1. What Was Left Behind

Jews had lived in Germany and Austria since Roman times. However, they had only been allowed to enter German society fully after the Enlightenment. In the nineteenth and early twentieth centuries Jews made an enormous contribution to German and Austrian cultural and economic life.​

Jews were prominent by their success in certain fields, though they formed only a tiny proportion of the overall population. They proved to be loyal and patriotic citizens, fighting in large numbers as German or Austrian soldiers in World War I. They tended to cluster in the cities and also in certain commercial and professional occupations. The assimilated Jews from urban, middle-class backgrounds were often those best equipped to overcome the numerous obstacles to emigration to Britain after 1933.​

During the nineteenth century the Jews of Germany and Austria had been granted civil and political rights and had integrated into mainstream society. But in the 1930s a change in political conditions radically altered their situation for the worse. The upheavals following the First World War, the instability of the Weimar Republic and the mass unemployment caused by the Great Depression paved the way for a reactionary backlash and for Hitler's rise to power in 1933.​

The decades of gradual integration into gentile society had made the Jews of the German-speaking lands feel secure in their position, despite anti-Semitic manifestations. The abiding impression left by Jewish home and family life in the period before the Nazi onslaught was its peaceable normality.

Well my father always said that he fought for the Germans in the First World War. He couldn’t see that they would do that to him. Of course they did do it to him.

My memories of Halle are… very small, and very fleeting. I remember going with my grandfather to a farm in order to get milk, because he was very, very observant of kashrut and the milk that you would buy locally was not suitable. I remember going with him when I was about four. I remember when my mother’s younger sister got married in Leipzig because I must have been about three. I was a flower girl. She got home, got married in this big apartment. I was throwing flowers along the way. I think, looking back on what happened, what must have stayed in the back of my mind was the Nazis everywhere…which I think greatly, hugely, hugely frightened me. Because, oh, and I do remember also going on a picnic by the river and lying in the grass looking at the trees with the sky. All beautiful, as you can see, happy, sylvan memories. And then I remember leaving Germany, in 1939. We flew out. And I remember looking down from the plane at the rows of the houses below. And that, on one hand, are basically my memories of Germany.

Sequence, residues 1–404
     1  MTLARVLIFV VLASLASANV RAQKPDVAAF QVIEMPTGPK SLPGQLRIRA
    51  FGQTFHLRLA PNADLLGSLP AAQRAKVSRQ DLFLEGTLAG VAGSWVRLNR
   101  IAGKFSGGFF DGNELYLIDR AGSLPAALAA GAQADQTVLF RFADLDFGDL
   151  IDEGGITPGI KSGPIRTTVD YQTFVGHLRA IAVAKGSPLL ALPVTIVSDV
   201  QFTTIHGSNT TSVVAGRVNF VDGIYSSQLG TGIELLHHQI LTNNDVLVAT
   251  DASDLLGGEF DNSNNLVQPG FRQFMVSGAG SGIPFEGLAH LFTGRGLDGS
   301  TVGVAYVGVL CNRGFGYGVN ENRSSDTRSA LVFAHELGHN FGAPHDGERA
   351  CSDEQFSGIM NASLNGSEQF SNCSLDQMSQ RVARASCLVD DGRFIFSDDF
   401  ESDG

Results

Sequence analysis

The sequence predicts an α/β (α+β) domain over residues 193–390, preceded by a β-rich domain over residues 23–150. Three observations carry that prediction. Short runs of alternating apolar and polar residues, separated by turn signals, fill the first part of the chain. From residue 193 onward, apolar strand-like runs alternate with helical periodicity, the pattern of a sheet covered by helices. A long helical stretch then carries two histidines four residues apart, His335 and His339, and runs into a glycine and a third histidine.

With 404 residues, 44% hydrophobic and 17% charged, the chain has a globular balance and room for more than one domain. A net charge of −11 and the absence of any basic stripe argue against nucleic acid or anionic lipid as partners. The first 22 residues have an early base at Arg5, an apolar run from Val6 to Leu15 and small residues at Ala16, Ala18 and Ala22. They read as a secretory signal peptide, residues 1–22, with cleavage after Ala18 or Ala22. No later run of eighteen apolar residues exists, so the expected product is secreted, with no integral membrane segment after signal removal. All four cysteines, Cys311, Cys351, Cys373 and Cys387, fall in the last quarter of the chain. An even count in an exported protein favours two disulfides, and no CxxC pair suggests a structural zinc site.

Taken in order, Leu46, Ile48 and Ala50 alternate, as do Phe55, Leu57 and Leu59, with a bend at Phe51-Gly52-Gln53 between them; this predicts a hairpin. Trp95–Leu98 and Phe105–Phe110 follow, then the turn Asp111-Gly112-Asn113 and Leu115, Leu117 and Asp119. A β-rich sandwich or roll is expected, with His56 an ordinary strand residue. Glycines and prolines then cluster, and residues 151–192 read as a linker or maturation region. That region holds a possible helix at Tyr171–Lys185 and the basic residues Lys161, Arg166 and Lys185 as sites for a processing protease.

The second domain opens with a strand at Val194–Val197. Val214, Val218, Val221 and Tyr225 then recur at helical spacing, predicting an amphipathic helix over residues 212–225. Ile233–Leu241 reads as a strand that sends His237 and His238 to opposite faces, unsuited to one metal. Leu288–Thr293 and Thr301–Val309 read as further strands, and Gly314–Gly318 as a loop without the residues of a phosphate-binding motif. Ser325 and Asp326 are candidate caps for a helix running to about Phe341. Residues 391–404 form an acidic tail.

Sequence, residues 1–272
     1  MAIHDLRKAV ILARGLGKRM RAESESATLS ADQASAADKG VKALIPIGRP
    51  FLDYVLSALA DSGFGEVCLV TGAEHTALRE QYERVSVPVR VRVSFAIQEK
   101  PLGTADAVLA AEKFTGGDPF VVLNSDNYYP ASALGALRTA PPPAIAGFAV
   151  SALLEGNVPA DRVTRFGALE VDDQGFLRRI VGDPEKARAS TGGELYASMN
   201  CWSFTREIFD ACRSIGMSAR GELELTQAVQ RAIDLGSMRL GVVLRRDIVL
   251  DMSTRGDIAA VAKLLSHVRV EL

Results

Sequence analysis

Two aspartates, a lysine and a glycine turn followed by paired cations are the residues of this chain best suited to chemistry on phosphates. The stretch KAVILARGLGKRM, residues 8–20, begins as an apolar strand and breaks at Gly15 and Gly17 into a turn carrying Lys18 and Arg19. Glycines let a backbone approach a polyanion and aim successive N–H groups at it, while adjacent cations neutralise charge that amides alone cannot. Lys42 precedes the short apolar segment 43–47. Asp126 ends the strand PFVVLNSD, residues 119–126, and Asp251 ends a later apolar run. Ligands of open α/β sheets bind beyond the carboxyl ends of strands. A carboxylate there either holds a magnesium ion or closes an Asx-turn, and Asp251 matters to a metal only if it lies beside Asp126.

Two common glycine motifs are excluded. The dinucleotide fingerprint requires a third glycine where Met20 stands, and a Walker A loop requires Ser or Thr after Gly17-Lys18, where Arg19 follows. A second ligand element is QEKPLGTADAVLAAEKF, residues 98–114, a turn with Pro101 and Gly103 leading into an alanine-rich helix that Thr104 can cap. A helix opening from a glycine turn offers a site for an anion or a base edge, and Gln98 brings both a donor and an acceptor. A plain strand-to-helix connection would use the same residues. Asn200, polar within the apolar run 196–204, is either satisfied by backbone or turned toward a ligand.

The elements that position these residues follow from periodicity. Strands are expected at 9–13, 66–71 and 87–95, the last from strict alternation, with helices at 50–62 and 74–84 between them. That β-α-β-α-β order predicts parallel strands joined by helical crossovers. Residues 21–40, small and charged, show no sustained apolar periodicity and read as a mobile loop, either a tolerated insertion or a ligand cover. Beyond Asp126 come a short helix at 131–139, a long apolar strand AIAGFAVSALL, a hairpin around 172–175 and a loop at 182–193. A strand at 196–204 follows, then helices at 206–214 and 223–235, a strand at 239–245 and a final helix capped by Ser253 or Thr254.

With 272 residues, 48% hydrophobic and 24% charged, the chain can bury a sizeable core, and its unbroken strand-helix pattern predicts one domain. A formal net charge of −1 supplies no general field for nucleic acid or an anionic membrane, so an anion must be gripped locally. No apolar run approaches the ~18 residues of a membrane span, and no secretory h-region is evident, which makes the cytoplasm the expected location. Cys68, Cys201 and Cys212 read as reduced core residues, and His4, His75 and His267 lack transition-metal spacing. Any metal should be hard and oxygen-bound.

My father believe it or not was born in Auschwitz when it was a tiny little village known for its green background. That is probably why I like trees so much. And he was born in 1898 on the Jewish Easter, Pesach, so he was called Peisach Mendzigusrky.

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@ Refugee Voices 2019